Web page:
Country of originFrance
First flight24 December 1979
ApplicationUpper stage engine
Associated LVESA
Liquid-fuel engine
PropellantLiquid oxygen / Liquid hydrogen
Mixture ratio5.0
Nozzle ratio83.1
Thrust, vacuum62.2 kN (13,980 lbf)[1]
Chamber pressure3.7 MPa (37 bar)
Specific impulse, vacuum4.36 km/s (444.6 s)
Length2.01 m
Diameter0.992 m
Dry weight165 kg
Used in
References[1][2] [3]

The HM7B was a European cryogenic upper stage rocket engine used on the vehicles in the Ariane rocket family.[3] It will be replaced by Vinci, which will act as the new upper stage engine on Ariane 6.[4] Nearly 300 engines have been produced to date.[3]


The development of HM7 engine begun in 1973 on a base of HM4 rocket engine. It was designed to power a third stage of newly constructed Ariane 1, the first launch system for European Space Agency. Maiden flight took place on 24 December 1979 successfully placing CAT-1 satellite on the orbit. With the later introduction of Ariane 2 and Ariane 3 it became necessary to improve the performance of the upper stage engine. This was achieved by extending the nozzle length and increasing the chamber pressure from 30 to 35 bar, increasing the engine's specific impulse and resulting in a nominal burn time increase from 570 to 735 seconds. Qualification tests were completed in 1983 and this upgraded variant was designated HM7B. It was also used on the Ariane 4 vehicle's upper stage where the burn time was further increased to 780 seconds, and since 12 February 2005 it's also used on the upper stage of Ariane 5 ECA.[2]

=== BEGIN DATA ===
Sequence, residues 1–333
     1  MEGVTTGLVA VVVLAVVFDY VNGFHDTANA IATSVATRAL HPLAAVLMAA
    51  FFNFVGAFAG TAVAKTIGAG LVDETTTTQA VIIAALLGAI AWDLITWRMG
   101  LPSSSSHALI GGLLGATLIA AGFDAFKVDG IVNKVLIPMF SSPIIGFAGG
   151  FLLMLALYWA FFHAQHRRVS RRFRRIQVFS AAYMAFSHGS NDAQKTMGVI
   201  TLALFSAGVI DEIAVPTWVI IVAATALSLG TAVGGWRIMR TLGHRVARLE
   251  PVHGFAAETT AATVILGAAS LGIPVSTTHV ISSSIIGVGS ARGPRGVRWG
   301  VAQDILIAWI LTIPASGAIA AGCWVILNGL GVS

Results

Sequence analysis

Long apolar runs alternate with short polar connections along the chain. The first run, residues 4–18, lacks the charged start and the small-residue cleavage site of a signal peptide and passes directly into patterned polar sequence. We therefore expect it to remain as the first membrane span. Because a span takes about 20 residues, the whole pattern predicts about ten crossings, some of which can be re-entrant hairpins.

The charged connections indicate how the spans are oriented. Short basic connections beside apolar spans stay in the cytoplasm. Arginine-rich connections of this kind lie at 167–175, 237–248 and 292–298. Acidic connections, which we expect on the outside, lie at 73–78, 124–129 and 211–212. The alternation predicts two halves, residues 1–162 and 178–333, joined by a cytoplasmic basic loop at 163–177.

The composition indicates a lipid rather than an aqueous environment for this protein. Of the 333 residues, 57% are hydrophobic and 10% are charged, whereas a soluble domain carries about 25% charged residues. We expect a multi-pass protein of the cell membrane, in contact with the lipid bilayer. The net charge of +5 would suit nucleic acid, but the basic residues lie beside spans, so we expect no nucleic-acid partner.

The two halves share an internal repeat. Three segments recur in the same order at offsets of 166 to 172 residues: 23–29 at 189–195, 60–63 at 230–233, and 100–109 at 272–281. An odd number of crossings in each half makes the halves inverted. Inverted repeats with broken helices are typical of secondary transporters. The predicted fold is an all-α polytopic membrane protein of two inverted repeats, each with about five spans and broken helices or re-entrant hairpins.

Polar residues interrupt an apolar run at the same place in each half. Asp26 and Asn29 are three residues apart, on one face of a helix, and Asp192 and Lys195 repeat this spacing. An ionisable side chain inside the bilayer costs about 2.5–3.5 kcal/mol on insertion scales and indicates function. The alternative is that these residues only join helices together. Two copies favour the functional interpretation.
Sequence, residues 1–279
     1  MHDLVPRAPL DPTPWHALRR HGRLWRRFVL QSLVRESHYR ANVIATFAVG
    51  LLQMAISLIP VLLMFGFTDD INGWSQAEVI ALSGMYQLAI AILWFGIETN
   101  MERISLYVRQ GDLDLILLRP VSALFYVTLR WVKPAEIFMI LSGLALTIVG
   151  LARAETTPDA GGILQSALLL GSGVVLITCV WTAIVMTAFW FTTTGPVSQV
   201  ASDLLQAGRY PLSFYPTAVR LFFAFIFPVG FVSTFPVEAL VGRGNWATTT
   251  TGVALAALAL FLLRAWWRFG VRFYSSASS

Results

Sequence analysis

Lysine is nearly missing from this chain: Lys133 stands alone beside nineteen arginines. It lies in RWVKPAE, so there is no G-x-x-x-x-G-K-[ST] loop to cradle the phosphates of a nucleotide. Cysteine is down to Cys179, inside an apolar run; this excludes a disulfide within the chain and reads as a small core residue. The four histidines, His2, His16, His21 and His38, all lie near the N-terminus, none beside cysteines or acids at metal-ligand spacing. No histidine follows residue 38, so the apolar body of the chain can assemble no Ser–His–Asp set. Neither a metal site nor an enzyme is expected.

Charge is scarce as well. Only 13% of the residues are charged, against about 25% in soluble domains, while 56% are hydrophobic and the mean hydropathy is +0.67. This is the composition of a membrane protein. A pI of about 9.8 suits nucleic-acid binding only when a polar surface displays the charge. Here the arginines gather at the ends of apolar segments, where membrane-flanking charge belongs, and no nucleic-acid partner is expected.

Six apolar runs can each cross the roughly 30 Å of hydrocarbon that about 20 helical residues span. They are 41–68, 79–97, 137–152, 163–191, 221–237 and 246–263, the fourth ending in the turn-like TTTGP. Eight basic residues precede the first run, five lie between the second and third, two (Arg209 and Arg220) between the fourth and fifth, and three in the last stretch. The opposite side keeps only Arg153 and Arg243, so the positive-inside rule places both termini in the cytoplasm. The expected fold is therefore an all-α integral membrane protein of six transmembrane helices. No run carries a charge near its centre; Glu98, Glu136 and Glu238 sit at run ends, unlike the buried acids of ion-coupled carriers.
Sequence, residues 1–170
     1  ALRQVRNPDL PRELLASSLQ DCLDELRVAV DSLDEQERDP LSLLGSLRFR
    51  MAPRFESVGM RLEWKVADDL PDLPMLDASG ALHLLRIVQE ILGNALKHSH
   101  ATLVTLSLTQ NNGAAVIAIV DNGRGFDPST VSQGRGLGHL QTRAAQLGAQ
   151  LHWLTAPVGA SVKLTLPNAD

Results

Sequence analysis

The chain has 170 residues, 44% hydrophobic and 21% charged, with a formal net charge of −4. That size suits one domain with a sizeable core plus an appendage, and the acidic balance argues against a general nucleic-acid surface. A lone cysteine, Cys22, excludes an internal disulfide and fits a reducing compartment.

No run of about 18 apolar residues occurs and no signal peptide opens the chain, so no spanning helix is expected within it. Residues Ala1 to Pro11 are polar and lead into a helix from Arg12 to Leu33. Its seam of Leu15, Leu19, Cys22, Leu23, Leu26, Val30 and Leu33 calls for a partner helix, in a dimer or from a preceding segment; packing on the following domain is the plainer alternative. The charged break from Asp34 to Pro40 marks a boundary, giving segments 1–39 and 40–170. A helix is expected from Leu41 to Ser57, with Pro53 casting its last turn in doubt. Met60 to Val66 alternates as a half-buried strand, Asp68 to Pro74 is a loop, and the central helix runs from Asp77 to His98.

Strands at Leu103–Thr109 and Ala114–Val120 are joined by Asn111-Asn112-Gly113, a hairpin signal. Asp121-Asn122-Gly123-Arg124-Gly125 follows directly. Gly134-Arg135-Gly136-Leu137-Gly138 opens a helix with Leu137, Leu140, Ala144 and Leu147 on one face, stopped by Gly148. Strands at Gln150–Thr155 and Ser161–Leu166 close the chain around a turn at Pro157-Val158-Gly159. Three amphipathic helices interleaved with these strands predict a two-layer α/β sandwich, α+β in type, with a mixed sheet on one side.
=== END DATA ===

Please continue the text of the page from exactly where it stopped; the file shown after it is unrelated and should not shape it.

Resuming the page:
The HM7B is a regeneratively cooled gas generator rocket engine fed with liquid oxygen and liquid hydrogen. It has no restart capability: the engine is continuously fired for 950 seconds in its Ariane 5 version (780 s in the Ariane 4). It provides 62.7 kN of thrust with a specific impulse of 444.6 s.[1] The engine's chamber pressure is 3.5 MPa.[2]

See also

Comparable engines


  1. ^ a b c B.T.C. Zandbergen. "Simple mass and size estimation relationships of pump fed rocket engines for launch vehicle conceptual design". Retrieved 14 August 2017.
  2. ^ a b c Airbus Air and Defence. "HM-7 and HM-7B Rocket Engine - Thrust Chamber". Archived from the original on 8 May 2012. Retrieved 10 August 2014.
  3. ^ a b c Snecma S.A. "HM7B - Snecma". Archived from the original on 2013-04-19. Retrieved 10 August 2014.
  4. ^ Safran Group (December 2012). "Safran: Shooting for the StarS" (PDF). Archived from the original (PDF) on 12 August 2014. Retrieved 10 August 2014.